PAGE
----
Papua New Guinea Defence Force

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The Papua New Guinea Defence Force (PNGDF) is the unified armed forces of Papua New Guinea. It originated from the Australian Army land forces of the territory of Papua New Guinea before independence, coming into being in January 1973 and having its antecedents in the Pacific Islands Regiment. At independence it numbered 3,750 all ranks, while another 465 Australian personnel augmented the force to assist in training and technical support. Today the PNGDF is a small force numbering around 2,100 personnel, and consisting of a Land Element, an Air Operations Element and a Maritime Operations Element. It is a joint force tasked with defending Papua New Guinea and its territories against external attack, as well as having secondary functions including national-building and internal security tasks. Defence accounts for up to 4% of government expenditure, while also receiving significant assistance and training support from Australia, New Zealand, the United States and other nations.

The PNGDF Land Element includes two infantry battalions, an engineer battalion, a signal squadron, an Explosive Ordnance Disposal (EOD) unit, and a preventive medicine platoon. The Air Operations Element is a small air wing operating several helicopters and light transport aircraft. The Maritime Operations Element consists of four Pacific class patrol boats and two Balikpapan class landing craft. The army is under the direct command of Headquarters PNGDF, while the air force and navy have their own commanding officers. The PNGDF is under the political oversight of the Minister for Defence.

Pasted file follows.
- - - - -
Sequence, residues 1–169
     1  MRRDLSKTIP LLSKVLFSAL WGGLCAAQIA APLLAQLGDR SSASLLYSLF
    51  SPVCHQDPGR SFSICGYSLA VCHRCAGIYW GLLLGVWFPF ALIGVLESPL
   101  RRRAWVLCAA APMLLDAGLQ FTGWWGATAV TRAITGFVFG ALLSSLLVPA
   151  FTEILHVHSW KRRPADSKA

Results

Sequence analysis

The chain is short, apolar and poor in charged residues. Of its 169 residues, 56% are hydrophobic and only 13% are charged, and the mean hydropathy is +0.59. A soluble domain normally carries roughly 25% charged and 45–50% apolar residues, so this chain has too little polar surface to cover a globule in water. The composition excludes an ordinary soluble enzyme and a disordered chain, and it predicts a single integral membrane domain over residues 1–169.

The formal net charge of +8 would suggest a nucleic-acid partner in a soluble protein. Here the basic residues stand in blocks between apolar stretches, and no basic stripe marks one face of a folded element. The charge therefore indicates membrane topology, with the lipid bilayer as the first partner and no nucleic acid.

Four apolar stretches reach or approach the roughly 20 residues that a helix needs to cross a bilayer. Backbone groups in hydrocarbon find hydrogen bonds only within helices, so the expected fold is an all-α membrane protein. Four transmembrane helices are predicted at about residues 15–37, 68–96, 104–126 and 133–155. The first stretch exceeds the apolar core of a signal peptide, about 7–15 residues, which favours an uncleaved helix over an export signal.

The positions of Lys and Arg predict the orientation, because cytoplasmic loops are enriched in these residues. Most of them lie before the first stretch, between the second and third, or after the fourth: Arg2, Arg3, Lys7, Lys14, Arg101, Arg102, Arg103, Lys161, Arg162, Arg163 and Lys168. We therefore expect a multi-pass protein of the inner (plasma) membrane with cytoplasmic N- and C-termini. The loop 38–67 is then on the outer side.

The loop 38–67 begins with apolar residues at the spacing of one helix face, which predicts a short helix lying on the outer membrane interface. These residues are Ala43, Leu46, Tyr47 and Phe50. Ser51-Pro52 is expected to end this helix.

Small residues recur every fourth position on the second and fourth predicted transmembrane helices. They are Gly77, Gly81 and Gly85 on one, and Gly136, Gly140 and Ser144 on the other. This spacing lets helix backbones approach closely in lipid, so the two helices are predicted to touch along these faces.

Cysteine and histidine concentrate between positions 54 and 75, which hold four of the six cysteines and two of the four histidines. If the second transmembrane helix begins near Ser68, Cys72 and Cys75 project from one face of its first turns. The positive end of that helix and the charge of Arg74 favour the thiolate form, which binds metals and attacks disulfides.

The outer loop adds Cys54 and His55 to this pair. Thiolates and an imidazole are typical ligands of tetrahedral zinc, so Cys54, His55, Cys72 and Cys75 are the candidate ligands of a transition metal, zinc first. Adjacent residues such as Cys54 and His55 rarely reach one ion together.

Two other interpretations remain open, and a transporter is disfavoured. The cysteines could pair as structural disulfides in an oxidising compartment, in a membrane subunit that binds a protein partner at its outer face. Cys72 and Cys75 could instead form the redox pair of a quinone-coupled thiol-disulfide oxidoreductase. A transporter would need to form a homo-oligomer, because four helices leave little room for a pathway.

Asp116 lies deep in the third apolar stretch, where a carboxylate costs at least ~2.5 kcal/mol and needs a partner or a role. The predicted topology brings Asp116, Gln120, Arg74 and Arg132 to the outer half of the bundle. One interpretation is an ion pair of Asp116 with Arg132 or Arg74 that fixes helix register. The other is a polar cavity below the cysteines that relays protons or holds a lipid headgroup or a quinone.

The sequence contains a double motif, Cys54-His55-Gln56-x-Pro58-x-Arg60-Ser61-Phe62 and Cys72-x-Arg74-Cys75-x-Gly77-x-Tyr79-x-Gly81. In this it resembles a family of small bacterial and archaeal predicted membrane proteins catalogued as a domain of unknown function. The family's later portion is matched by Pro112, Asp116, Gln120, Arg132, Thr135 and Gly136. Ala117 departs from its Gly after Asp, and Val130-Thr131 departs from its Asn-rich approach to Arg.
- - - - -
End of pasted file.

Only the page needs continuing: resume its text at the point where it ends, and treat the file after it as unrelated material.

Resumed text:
Contents

History

The PNGDF originated from the Australian Army land forces of the Territory of Papua New Guinea before independence, coming into being in January 1973 and having its antecedents in the Pacific Islands Regiment. At independence it numbered 3,750 all ranks, while another 465 Australian personnel augmented the force to assist in training and technical support.[1] Successive attempts to reduce the size of the PNGDF in response to the country's economic problems have provoked fierce resistance; with the army mutinying in March 2001. The government capitulated after 10 days to the mutineers' demands, agreeing not to cut the army's strength. However, in 2002 it was announced that the PNGDF would be reduced from 4,000 to around 2,100 personnel. In early 2004 the government reaffirmed its commitment to implement cuts within the armed forces, with a definitive restructuring expected to take place. Chief of Staff Captain Aloysius Tom Ur told troops in January 2004 that the 2004 strength of 3,000 would be reduced by one-third, and that during 2004, the force's personnel branch would merge with the support branch into a new organisation.[2] Ultimately the reduction-in-size target was reached in 2007.[3]

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